# How do you determine dy/dx given ysqrtx+xsqrty=16?

##### 1 Answer
Oct 7, 2016

$y ' = \frac{- \frac{y}{2 \sqrt{x}} - \sqrt{y}}{\sqrt{x} + \frac{x}{2 \sqrt{y}}}$

#### Explanation:

We have to use implicit differentiation which is basically just a special case of the chain rule. Every time we differentiate a factor that has a $y$ variable we have to include the factor $\frac{\mathrm{dy}}{\mathrm{dx}}$ or $y '$.

We will also be using the product rule and power rule to answer this question.

Begin by changing all of the radicals to their exponent equivalents.

$y {x}^{\frac{1}{2}} + x {y}^{\frac{1}{2}} = 16$

$y \left(\frac{1}{2}\right) {x}^{- \frac{1}{2}} + \left(1\right) y ' {x}^{\frac{1}{2}} + x \left(\frac{1}{2}\right) {y}^{- \frac{1}{2}} y ' + \left(1\right) {y}^{\frac{1}{2}} = 0$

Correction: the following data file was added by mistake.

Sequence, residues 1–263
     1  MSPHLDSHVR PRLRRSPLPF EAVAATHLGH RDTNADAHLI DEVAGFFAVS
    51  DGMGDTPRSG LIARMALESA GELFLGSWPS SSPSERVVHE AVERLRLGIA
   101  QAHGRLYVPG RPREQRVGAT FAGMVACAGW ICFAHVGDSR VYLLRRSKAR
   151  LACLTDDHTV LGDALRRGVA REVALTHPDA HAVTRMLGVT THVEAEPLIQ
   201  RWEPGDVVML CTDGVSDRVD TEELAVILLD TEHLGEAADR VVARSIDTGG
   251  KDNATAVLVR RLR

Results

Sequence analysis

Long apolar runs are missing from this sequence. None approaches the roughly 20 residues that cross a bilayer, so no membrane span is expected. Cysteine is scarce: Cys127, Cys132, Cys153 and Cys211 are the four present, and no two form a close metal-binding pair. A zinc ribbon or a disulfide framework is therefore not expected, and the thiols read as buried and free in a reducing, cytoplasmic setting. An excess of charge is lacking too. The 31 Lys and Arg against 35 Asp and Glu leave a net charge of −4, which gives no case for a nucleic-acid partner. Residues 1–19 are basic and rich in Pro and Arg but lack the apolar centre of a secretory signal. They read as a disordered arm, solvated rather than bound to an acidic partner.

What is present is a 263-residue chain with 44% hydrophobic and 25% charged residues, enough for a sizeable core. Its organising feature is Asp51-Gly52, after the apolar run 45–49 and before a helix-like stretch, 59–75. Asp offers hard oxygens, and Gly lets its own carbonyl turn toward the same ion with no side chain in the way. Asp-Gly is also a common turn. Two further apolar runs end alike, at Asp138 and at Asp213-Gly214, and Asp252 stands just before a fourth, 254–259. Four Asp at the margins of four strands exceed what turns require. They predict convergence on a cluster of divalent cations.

Simplify and switch back to radicals

$\frac{y}{2 \sqrt{x}} + y ' \sqrt{x} + \frac{x y '}{2 \sqrt{y}} + \sqrt{y} = 0$

Gather terms with $y '$ to one side and everything else to the other side

$y ' \sqrt{x} + \frac{x y '}{2 \sqrt{y}} = - \frac{y}{2 \sqrt{x}} - \sqrt{y}$

Factor out $y '$

$y ' \left(\sqrt{x} + \frac{x}{2 \sqrt{y}}\right) = - \frac{y}{2 \sqrt{x}} - \sqrt{y}$

Isolate $y '$ by dividing

$y ' \frac{\cancel{\sqrt{x} + \frac{x}{2 \sqrt{y}}}}{\cancel{\sqrt{x} + \frac{x}{2 \sqrt{y}}}} = \frac{- \frac{y}{2 \sqrt{x}} - \sqrt{y}}{\sqrt{x} + \frac{x}{2 \sqrt{y}}}$

$y ' = \frac{- \frac{y}{2 \sqrt{x}} - \sqrt{y}}{\sqrt{x} + \frac{x}{2 \sqrt{y}}}$

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